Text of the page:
Investigation of the Nocturnal PM Peaks for Evidence of Association with Population Health Risks in ...
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Investigation of the Nocturnal PM Peaks for Evidence of Association with Population Health Risks in Two Border Cities.

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Abstract

Investigation of the Nocturnal PM Peaks for Evidence of Association with Population Health Risks in Two Border Cities

Jessica Gamez1; Donald J. Baca1; Hector A. Olvera1; Nancy Garcia1; Mario Garcia1; Fernando Astorga2; Jose H. Garcia3; Gerardo Mejia4; Kerry Kelly5; JoAnn Lighty5; Wen-Whai Li1,2

1 Department of Civil Engineering, 2 Environmental Science and Engineering, The University of Texas at El Paso; 3 Professional Department (Campus Ciudad Juárez), 4 Centro de Calidad Ambiental (Campus Monterrey), Instituto Tecnológico y de Estudios Superiores de Monterrey; 5 Institute for Combustion and Energy Studies, University of Utah


Abstract

Abstract

This paper presents the results of a study characterizing the physical and chemical properties associated with the nocturnal PM10 and PM2.5 spikes that occur in the calm early evening hours (from 6:00 p.m. to 9:00 p.m.) in the two sister border cities (El Paso and Ciudad Juarez) along the U.S.-Mexico border. It represents an ongoing task under a collaborative research effort among several SCERP universities to investigate the nocturnal PM peaks for evidence of association with population health risks.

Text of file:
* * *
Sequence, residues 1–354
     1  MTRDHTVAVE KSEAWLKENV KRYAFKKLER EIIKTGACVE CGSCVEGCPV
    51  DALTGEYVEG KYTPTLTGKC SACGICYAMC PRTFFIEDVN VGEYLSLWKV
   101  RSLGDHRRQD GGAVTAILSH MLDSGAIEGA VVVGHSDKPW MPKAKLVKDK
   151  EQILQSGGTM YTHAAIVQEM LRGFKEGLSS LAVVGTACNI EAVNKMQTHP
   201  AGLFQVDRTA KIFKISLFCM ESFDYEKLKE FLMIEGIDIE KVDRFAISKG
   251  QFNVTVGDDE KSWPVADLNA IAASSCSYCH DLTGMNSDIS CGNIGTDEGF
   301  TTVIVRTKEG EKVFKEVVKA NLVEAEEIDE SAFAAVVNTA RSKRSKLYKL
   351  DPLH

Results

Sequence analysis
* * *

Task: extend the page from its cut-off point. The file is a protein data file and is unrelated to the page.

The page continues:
The nocturnal PM peaks previously observed at Sunland Park, New Mexico and several other cities along the U.S.-Mexico border were observed at the two new locations. The evening PM peak was observed to occur under low wind conditions (< 2 m/sec) with a strong correlation with preceding afternoon high to moderate wind conditions. The hourly PM particle count varied from less than 10,000 particles/cm3 in the afternoon to greater than 80,000 particles/cm3 in the evening hours during the study period. The total number of PM particles peaked in the morning as well as in the evening while the mode of the particle size changed from 20 nm to ~100 nm, indicating different PM sources may be responsible for the mass and number concentrations and agglomeration of particles in the atmosphere during the day may possibly plays a role. Larger particles (100 – 470 nm) were found to associate better than smaller particles (10 – 100 nm) with PM mass. Wind direction did not have an impact on the PM number concentrations whereas wind speed is negative correlated (although small) to both PM size fractions confirming the occurrence of PM peaks under low wind conditions. Further chemical and statistical analyses are underway.